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One hundred years later, as we celebrated our Centenary in 2008, our university community spent a year reflecting on our history of graduates and achievements and our growth over the years into a formidable institution close to 40,000 students secure, into one of the top research universities in North America and one of top 100 public universities in the world. The University of Alberta is a Top 5 Canadian university and one of the Top 100 in the world, home to more than 170 graduate programs, 200 undergraduate programs, and 400 active student groups.

The early years, under the careful guidance of Tory, who served as President of the University of Alberta from 1908 to 1928, were fruitful ones in which Tory recruited the University’s first professors and organized the construction of the first university buildings, starting with Athabasca Hall in 1911. These years also saw the shadow of the First World War fall over campus life and the dark specter of the 1918 influenza epidemic. Both events took their toll on the university population, and the 1918 epidemic led to a two-month cessation of university classes and activities in the autumn of that year.2 Despite setbacks brought on by these events, the University emerged from these trials more reliable than ever, and both building construction and population growth continued

The University of Alberta has had the vision to be one of the world’s great universities for the public good since its inception. This University is dedicated to the promise made by founding president Henry Marshall Tory that “… knowledge shall not be the concern of scholars alone. The uplifting of the whole people shall be its final goal.”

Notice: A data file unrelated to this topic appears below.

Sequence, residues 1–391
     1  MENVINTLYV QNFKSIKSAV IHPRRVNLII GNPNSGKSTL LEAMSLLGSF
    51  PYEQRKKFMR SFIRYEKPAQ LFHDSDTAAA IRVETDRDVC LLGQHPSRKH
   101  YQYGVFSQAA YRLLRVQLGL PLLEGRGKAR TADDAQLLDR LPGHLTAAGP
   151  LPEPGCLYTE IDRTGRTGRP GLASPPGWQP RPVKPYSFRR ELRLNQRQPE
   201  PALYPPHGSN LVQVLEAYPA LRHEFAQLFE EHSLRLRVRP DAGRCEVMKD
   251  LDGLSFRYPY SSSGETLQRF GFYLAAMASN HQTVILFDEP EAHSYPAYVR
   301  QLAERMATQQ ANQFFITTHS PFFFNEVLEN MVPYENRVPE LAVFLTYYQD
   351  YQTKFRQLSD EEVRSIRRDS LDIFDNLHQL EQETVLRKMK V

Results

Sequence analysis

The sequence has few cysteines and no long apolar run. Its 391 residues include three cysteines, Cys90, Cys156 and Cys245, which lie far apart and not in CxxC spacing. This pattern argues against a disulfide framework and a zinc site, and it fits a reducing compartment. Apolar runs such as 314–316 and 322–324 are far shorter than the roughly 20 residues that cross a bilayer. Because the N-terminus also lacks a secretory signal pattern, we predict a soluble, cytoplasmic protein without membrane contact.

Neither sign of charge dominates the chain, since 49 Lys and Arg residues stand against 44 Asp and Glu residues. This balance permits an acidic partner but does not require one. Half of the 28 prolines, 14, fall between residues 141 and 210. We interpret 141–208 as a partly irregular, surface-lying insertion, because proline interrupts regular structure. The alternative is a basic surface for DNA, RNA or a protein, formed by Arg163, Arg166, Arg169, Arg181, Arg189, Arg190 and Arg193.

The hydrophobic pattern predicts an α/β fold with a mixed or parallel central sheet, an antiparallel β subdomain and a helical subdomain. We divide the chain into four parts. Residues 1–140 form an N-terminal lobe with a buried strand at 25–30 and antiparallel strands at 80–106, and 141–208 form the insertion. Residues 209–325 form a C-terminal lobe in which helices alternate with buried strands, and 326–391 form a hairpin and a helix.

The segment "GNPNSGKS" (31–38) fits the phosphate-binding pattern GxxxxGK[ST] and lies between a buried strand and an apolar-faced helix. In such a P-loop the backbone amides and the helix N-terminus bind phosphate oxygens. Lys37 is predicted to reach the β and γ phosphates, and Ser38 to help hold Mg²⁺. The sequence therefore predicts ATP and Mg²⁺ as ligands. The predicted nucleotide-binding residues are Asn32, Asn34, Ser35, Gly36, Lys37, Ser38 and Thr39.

This vision endures as the University strives to improve the lives of people in Alberta, across Canada, and around the world. The university motto, quaecumque vera, means “whatsoever things are true” and is taken from the Epistle of St. Paul to the Philippians, Chapter 4, Verse 8, in the Latin Vulgate version of the Bible.

Within a vibrant and supportive learning environment, the University of Alberta discovers, disseminates, and applies new knowledge through teaching and learning, research and creative activity, community involvement, and partnerships. The U of A gives a national and international voice to innovation in our province, taking a lead role in placing Canada at the global forefront.

The period from the 1970s to the present day has been a time of continued growth. French instruction in Arts, Science, and Education on campus found a home at the Collège Saint-Jean (since called the Faculté Saint-Jean and most recently, the Campus Saint-Jean), beginning in 1970. In 1984, Aboriginal education was formally added to the university mandate in the form of the School of Native Studies. While construction of new buildings on campus slowed during this time, building projects started in the 1960s, like that of the Biological Sciences Centre and the Central Academic Building (CAB) were completed in the early 1970s, while older buildings like Athabasca, Pembina, and Convocation Halls, and the Arts Building were given much-needed renovations throughout the late 1970s and 1980s.

In the last decade of the 20th century, the University fell under financial siege when the government of Alberta introduced a series of cutbacks to university funding. The costs of university administration came under scrutiny. Many university faculties and departments found themselves compelled to merge to reduce costs while struggling to maintain a high level of educational quality for incoming students. Tuition fees were increased following the implementation of the provincial tuition fee policy in 1991, an ongoing increase that continues to generate controversy among university staff and students to the present day.

Despite these challenges, the University of Alberta continues to evolve and adopt a fresh vision for the future one, which embraces the potential of the University’s many research projects to bolster the Alberta economy. This new spirit is embodied in current campus construction projects like the National Institute for Nanotechnology (NINT). This new center of research is a symbol of the partnership between the University of Alberta and the governments of Alberta and Canada, but, more importantly, it is a place that will draw new scientific talent and creative industrial potential to the province.

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